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however, I must remain a professed ancient on that head; and continue to think those luxuries prejudicial to states by which so many vices are introduced, and so many kingdoms have been undone. Indeed, so much has been poured out of late on the other side of the question, that, merely for the sake of novelty and variety, one would sometimes wish to be in the right. I am,

Dear sir,
Your sincere friend, and ardent admirer,

OLIVER GOLDSMITH.

THE DESERTED VILLAGE.

Sweet Auburn ! loveliest village of the plain, Where health and plenty cheer'd the labouring

swain, Where smiling spring its earliest visit paid, And parting summer's lingering blooms delay'd; Dear lovely bowers of innocence and ease, Seats of my youth, when every sport could

please; How often have I loiter'd o'er thy green, Where humble happiness endear'd each scene; How often have I paus’d on every charm, The shelter'd cot, the cultivated farm, The never-failing brook, the busy mill, The decent church that topt the neighb'ring

hill ; The hawthorn bush, with seats beneath the

shade, For talking age and whisp'ring lovers made! How often have I bless'd the coming day, When toil remitting lent its turn to play, And all the village train, from labour free, Led up their sports beneath the spreading tree!

While many a pastime circled in the shade,
The young contending as the old survey'd ;
And many a gambol frolick'd o'er the ground,
And sleights of art, and feats of strength went

round;
And still, as each repeated pleasure tir’d,
Succeeding sports the mirthful band inspir’d.
The dancing pair that simply sought renown,
By holding out to tire each other down;
The swain mistrustless of his smutted face,
While secret laughter titter'd round the place;
The bashful virgin's side-long looks of love;
The matron's glance that would those looks

reprove : These were thy charms, sweet village ! sports

like these, With sweet succession, taughte'en toil to please; These round thy bowers their cheerful influence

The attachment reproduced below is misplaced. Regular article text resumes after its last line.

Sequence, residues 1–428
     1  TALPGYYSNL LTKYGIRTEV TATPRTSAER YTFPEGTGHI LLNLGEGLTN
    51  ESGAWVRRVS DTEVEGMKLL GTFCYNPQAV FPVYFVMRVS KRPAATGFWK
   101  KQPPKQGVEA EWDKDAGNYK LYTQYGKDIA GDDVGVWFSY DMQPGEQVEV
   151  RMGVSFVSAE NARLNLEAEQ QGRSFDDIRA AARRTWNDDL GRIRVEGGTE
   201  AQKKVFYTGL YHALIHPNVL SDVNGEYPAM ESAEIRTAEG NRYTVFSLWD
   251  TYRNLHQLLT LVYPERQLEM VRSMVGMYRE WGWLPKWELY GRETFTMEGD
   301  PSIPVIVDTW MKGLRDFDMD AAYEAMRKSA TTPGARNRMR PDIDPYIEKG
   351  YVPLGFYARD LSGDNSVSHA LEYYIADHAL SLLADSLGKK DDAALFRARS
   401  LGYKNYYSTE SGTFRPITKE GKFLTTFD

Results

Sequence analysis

shed, These were thy charms, but all these charms

are fled. Sweet smiling village, loveliest of the lawn, Thy sports are fled, and all thy charms with

drawn : Amidst thy bowers the tyrant's hand is seen, And Desolation saddens all thy green : One only master grasps the whole domain, And half a tillage stints thy smiling plain ; No more thy glassy brook reflects the day, But choak'd with scdges, works its weedy

way;

Along thy glades, a solitary guest,
The hollow-sounding bittern guards its nest ;
Amidst thy desert walks the lapwing flies,
And tires their echoes with unvaried cries;
Sunk are thy bowers in shapeless ruin all,
And the long grass o'ertops the mould'ring wall,
And, trembling, shrinking from the spoiler's hand,
Far, far away thy children leave the land.

Ill fares the land, to hast’ning ills a prey,
Where wealth accumulates, and men decay.
Princes and lords may flourish, or may fade;
A breath can make them, as a breath has made:
But a bold peasantry, their country's pride,
When once destroy'd, can never be supplied.

A time there was, ere England's griefs began, When every rood of ground maintain'd its man; For him light Labour spread her wholesome store, Just gave what life requir’d, but gave no more : His best companions, innocence and health; And his best riches, ignorance of wealth.

But times are alter'd ; trade's unfeeling train Usurp the land, and dispossess the swain ; Along the lawn, where scatter'd hamlets rose, Unwieldy wealth and cumb'rous pomp repose ; And every want to luxury allied, And every pang that folly pays to pride. Those gentler hours that plenty bade to bloom, Those calm desires that ask'd but little room, Those healthful sports that grac'd the peaceful

scene, Liv'd in each look, and brighten'd all the green ;

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